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Will workflow technology solve your problems?
Although workflow management is not a new phenomena in the business world, it is relatively new in revenue cycle operations, especially in patient access operations, says John Woerly, RHIA, CHAM, senior manager at Accenture in Indianapolis.
If you are looking at implementing workflow technology, Woerly says that one big hurdle is how you will quantify how such a system, which is typically very costly, will pay for itself in two or three years.
Also, Woerly says it's not always easy to determine where to best use workflow management or design a leading practice process flow, which is "not necessarily the one that you've always used." Another challenge is to provide the resources to implement and, even further, maintain the system and the rules that drive the automated processes.
No step is omitted or delayed
Businesses typically seek workflow management technologies to increase profitability and enhance competency. "Primarily, they hope that the use of such technologies will streamline and automate their transaction flows, better manage exceptions, and identify non-value-added activities," Woerly says.
Workflow management technology supports routing information of any type according to user-defined business rules, allowing information to be routed to one location or multiple locations, either simultaneously or sequentially.
Within patient access, this tool would allow you to move data from patient scheduling to financial clearance (pre-registration, insurance eligibility/benefit verification, pre-certification/ authorization, referral management, and patient liability estimation and collection) and from financial clearance to registration/check-in and/or financial counseling.
Woerly explains that workflow concerns the automation of procedures where documents, information, or tasks are passed between participants according to a defined set of rules to achieve, or contribute to, an overall business goal.
"Much has been written over the years of a 'closed loop' process within revenue cycle operations," says Woerly.
Workflow management allows revenue cycle departments (patient access, health information management, case management, and patient accounting) to automate each step of their process flow in order to ensure that no step is omitted or delayed.
"It also allows process steps to be performed sequentially or simultaneously. This allows several people to work on segments of a patient's account, as an example, at the same time," says Woerly.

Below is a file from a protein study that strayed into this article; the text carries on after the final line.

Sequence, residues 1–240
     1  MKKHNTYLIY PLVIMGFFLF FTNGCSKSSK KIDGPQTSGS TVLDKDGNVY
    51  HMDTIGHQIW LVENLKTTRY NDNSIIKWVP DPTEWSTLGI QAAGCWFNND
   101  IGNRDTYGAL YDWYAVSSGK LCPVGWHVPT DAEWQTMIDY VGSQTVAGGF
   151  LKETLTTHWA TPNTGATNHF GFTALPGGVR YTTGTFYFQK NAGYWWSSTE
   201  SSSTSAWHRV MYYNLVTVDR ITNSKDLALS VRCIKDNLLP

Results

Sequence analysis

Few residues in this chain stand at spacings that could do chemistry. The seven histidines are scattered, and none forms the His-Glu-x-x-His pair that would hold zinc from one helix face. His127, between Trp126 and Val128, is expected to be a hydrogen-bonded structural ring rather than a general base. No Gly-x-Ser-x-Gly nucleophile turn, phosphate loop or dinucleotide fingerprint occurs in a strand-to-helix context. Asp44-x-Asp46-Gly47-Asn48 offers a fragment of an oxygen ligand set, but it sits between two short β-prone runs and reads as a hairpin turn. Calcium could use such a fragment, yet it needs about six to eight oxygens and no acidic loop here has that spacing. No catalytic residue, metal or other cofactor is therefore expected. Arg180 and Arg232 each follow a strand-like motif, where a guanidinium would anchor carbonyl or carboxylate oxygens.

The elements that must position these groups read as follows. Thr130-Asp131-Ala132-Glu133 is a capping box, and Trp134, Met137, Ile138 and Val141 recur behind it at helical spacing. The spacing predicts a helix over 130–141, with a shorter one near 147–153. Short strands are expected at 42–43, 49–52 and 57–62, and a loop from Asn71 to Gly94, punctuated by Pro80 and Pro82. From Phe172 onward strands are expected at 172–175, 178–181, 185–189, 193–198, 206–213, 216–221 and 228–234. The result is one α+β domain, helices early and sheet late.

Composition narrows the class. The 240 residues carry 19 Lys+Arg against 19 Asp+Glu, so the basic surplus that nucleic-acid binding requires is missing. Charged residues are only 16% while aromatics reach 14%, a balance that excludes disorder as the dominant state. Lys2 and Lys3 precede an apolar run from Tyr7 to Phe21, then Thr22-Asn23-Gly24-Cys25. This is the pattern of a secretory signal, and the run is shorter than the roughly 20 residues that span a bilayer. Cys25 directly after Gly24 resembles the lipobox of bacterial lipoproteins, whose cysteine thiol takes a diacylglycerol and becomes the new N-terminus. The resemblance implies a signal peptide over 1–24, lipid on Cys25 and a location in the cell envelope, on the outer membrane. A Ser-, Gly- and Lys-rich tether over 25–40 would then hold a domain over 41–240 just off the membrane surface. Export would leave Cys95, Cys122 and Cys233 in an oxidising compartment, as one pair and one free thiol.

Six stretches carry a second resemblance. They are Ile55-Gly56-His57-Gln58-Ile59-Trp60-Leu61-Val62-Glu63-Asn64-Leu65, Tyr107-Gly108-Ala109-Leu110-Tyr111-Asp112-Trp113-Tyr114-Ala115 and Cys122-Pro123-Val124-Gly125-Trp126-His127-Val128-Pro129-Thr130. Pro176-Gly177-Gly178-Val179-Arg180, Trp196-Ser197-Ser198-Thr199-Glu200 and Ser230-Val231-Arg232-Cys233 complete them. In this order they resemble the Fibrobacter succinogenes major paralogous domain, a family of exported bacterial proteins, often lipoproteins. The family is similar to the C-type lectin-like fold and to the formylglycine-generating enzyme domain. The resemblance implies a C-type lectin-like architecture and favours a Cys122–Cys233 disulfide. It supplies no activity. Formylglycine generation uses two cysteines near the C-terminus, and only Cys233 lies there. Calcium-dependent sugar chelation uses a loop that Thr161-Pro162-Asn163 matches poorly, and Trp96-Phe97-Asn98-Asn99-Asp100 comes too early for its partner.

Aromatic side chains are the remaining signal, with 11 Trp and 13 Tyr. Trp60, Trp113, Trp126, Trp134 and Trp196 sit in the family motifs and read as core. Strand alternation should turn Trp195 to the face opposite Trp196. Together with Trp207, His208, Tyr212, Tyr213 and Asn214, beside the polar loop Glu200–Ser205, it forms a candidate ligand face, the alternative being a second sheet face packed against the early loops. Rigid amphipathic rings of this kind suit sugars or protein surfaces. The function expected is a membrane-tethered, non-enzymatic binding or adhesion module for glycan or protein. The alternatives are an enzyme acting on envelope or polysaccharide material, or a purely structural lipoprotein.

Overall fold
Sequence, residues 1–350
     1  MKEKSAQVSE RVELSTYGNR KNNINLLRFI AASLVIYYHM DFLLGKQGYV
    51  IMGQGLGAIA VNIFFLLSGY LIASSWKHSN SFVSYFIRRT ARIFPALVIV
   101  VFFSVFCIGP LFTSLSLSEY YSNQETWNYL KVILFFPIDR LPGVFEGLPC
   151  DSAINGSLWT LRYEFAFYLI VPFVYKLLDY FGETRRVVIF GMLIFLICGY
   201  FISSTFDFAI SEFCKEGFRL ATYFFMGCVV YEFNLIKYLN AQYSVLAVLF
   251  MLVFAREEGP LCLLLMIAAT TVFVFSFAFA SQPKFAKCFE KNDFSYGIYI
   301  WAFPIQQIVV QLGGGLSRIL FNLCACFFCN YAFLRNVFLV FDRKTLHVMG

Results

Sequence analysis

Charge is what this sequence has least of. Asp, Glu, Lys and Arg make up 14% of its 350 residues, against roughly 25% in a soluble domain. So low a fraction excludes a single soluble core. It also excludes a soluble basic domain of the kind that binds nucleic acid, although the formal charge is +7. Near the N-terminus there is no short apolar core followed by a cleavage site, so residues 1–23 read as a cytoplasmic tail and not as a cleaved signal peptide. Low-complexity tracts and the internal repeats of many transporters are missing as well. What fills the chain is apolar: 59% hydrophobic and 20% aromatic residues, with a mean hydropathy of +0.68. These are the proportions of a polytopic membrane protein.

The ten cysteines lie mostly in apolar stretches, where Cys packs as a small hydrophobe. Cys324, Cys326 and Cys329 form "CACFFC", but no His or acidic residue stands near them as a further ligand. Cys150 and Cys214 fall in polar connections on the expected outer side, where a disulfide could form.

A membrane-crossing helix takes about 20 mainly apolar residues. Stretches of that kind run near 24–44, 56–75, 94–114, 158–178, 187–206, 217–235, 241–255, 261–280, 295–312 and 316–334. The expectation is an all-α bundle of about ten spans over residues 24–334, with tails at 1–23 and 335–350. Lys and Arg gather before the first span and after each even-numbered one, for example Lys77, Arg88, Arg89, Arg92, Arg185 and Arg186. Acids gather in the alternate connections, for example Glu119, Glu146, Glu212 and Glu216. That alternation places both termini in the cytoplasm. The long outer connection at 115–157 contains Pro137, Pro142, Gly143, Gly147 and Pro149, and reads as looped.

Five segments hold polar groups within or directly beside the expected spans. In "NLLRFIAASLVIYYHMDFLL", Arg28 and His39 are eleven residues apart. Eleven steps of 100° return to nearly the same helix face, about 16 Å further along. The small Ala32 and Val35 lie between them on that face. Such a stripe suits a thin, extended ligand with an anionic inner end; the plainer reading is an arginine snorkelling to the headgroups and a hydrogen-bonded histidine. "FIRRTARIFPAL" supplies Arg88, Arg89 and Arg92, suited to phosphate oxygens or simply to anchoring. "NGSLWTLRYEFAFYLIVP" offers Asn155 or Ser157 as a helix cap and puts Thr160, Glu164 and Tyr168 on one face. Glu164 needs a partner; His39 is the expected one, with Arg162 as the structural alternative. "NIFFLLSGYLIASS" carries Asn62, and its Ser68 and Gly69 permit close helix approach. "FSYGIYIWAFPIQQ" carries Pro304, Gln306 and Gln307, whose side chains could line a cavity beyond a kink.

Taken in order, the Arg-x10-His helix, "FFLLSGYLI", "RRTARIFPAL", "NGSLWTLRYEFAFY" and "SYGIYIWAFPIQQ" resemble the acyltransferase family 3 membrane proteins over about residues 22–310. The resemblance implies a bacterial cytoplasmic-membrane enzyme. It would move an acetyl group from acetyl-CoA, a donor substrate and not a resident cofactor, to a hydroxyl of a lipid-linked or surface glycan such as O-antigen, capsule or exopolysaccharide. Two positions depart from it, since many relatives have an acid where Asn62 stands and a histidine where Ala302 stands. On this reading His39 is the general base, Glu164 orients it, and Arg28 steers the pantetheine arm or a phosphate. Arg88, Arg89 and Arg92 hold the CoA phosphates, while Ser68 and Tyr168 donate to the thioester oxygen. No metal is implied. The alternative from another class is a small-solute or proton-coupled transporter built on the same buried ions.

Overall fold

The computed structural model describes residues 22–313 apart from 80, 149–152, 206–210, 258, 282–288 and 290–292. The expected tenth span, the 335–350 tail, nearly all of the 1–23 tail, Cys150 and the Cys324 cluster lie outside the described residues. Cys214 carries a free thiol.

If properly designed and deployed, workflow management should have a substantial impact upon the reduction of account receivable days, as well as positively impact customer satisfaction and service.
Woerly says that an example he personally experienced was making an outpatient appointment with his provider hospital for three days out and within only a few hours, receiving a call from the financial clearance staff to be pre-registered.
"Workflow assisted my information to quickly travel from my physician's office to the hospital for the appointment, and then to the financial clearance area, to be alerted that I needed to be pre-registered and have other pre-service activities conducted," he says. "To say the least, I was impressed with the efficiency of the operation."
Woerly gives these tips for making the switch to workflow technology:
Know your needs. "Define your key objectives and projected outcomes," says Woerly.
Develop a project charter. This may include scope, assumptions, implementation issues and risks, organizational impact, critical performance indicators, milestones/timelines, key participants, and deliverables.
Provide and enable the resources to plan, design, test and implement the system. "Don't underestimate the time and knowledge required," says Woerly.
Get user involvement and buy-in, including all key upstream and downstream stakeholders.
Create workflows to document each process step and hand-offs.
Remember that the system is capable of change via rule updates. "Your initial process flows should assist you in defining data needs and flows," says Woerly. "However, as you progress, it is expected that updates will occur."
Implement the new system in a pilot site before taking it across all processes or all departments.
"Look to see where the greatest opportunity in data flow exists," says Woerly. "Typically, in a patient access environment, it is the flow of information from patient scheduling, which many times is decentralized to multiple ancillary departments, to financial clearance."
Provide a feedback loop for issue identification and resolution.
This should ensure that the workflow rules are set up properly and that timing and sorting of information is correct to allow the right people to get the right information at the right time.
Data on turnaround time, number of cases processed, number of cases held, and number of cases referred will assist you in improving work processes. "Statistics that are typically derived from workflow management tools will provide you with the data needed to improve the process," says Woerly. "But, it is essential that you use this information to drive process improvements and to provide feedback to all key stakeholders in an effort to inform and educate."
[For more information, contact:
John Woerly, RHIA, CHAM, Senior Manager, Accenture, Indianapolis. Phone: (317)590-3067. E-mail: email@example.com.]